Big Boy Pete and The Squire – Hitmen (2013)

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If these names ring a bell, that’s because they’ve been creating critically acclaimed concoctions for a mighty long while.

Big Boy Pete is actually Peter Miller, whose accomplishments, in a brief nutshell, include lead guitarist for the famed British 1960s band the Jaywalkers, countless solo outings, and collaborations with Bill Bonney of the Fendermen and Hilton Valentine from the Animals.

The Squire is far better known as Squires of the Subterrain, and for the past couple of decades he’s been releasing one marvelous missive after another. Donning a host of hats, the singer, songwriter and multi-instrumentalist has carved a nice and nifty place for himself in the underground world of psychedelic surf rock.

Several years ago, Squires of the Subterrain released an album called Big Boy Pete Treats, which Big Boy Pete penned material and twiddled the dials for. However, this time around, not only does he co-author songs with the Squire, but he also contributes to the cacophony and flexes his cool and chirpy pipes. A fair amount of the tunes on Hitmen (Rocket Racket Records) were initially composed by Big Boy Pete in 1966. He figured the Jaywalkers would record them, but they weren’t interested. Thankfully, Big Boy Pete saved the songs, and now here they are. But they’re not in their original format, as the lyrics have been changed and some of the melodies have been slightly retooled.

Revisions aside, Hitmen sounds like a homespun garage pop album from days gone by. To give the album even more of a vintage feel, it was recorded in analog. No digital doggies, declare the liner notes, and that right there is a major plus in my book. Dominated by quirky, bubbly pop ditties jangling with tasty juices, Hitmen is additionally enhanced by weird, witty and warped poetry.

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Calories go up, salaries go down, it was the either the dole or rock and roll are words of wisdom preached on the bright and bouncy “Trailer Trash,” an ode to a woman who married herself, where the jumpy power pop rhythm chording of “American Spring” is a keen commentary on misguided politicians and the crappy economy.

Propelled by a giddy beat and a bit of a rockabilly edge, “Wasn’t In The Dream” is so infectious and invigorating that it could be a hit single. Shrouded in a dark cloud of gloom and doom, the disturbing “Amber” tells the sad tale of an abducted child, complete with strangled screams and the kind of Cookie Monster styled growl death metal bands are associated with, and “All The Fun Of The Fair” could pass as the great grandchild of “Being For The Benefit Of Mr. Kite,” with its whirling, twirling, festive frills. Glutted with jaggedly irresistible hooks, peculiar tempos and harmonious vocals, Hitmen emits a playful vibe through and though. Pulsating with nervous energy and intriguing angles, the disc deftly articulates the true meaning and intent of rock and roll.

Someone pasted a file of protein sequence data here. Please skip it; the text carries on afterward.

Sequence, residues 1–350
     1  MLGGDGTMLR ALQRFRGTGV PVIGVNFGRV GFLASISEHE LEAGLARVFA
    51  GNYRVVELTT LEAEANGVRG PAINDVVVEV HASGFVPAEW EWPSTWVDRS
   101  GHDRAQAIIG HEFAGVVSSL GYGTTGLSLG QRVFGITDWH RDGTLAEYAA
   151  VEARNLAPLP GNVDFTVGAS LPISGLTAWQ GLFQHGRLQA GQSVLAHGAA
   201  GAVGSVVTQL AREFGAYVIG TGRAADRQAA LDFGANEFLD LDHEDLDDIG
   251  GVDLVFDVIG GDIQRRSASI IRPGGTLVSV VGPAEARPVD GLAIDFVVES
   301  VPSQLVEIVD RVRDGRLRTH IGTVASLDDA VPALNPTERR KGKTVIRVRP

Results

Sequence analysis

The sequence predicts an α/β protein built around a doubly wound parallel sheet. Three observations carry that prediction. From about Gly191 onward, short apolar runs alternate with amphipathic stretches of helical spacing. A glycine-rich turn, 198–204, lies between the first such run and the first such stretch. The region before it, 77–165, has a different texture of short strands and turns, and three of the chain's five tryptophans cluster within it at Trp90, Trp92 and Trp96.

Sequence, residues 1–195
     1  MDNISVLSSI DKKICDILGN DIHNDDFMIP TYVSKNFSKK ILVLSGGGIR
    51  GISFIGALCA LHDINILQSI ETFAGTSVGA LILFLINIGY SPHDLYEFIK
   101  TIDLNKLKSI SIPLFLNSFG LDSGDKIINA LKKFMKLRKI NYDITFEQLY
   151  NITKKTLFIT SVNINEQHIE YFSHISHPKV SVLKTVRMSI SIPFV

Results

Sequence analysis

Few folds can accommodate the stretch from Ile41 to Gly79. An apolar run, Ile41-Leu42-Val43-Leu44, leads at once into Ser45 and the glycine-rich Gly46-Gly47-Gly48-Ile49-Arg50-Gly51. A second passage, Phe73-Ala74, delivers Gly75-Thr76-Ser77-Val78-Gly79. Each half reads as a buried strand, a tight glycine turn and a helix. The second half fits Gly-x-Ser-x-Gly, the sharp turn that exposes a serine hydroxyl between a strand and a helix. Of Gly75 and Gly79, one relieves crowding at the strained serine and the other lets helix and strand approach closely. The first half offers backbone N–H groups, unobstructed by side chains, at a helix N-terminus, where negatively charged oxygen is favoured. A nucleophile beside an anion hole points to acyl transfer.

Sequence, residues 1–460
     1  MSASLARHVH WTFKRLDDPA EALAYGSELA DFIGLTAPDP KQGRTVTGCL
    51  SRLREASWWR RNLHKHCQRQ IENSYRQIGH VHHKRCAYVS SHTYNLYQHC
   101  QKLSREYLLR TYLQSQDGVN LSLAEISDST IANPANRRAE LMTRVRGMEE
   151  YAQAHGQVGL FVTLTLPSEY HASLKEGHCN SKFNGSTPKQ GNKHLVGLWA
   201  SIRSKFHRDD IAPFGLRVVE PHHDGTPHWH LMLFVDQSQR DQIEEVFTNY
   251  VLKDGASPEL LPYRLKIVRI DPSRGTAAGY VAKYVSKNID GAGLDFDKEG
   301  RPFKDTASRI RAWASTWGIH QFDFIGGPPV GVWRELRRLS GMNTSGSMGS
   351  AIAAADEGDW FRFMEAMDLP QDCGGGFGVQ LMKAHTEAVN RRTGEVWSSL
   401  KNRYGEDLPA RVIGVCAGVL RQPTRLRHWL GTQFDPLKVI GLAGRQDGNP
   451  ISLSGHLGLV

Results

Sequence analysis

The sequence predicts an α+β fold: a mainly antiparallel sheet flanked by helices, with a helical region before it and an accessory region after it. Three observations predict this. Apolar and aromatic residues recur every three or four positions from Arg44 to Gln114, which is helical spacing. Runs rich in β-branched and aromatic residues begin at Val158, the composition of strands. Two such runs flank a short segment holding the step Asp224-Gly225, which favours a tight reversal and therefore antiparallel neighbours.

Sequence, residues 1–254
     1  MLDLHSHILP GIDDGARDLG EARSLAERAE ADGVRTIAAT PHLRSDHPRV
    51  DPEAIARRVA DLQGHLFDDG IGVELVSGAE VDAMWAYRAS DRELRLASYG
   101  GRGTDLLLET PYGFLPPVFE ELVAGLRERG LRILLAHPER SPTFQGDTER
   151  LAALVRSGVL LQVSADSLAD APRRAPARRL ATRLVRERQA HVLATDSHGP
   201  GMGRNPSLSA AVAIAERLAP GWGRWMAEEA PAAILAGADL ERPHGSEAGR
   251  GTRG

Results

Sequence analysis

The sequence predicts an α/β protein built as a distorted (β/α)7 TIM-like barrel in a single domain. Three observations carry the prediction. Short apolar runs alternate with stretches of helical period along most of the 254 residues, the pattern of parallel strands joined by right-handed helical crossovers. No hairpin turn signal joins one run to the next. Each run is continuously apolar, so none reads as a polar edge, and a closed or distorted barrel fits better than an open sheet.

Reflections of prized popnicks such as XTC, The Dentists and Cleaners From Venus, salted with pinches of The Beach Boys, The Kinks and The Rutles, regularly arise on Hitmen, but Big Boy Pete and The Squire definitely have their own unique thing happening. A fantastic effort this is, so let’s cross our fingers, eyes and toes and hope the fellows get together soon and do it again!

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Beverly Paterson

Beverly Paterson was born the day Ben E. King hit No. 4 on the national charts with "Stand By Me" - which is ironically one of her favorite songs, especially the version by John Lennon. She has also contributed to Lance Monthly and Amplifier, and served as associate editor of Rock Beat International. Paterson's own publications have included Inside Out, and Twist And Shake. Contact Something Else! at reviews@somethingelsereviews.com.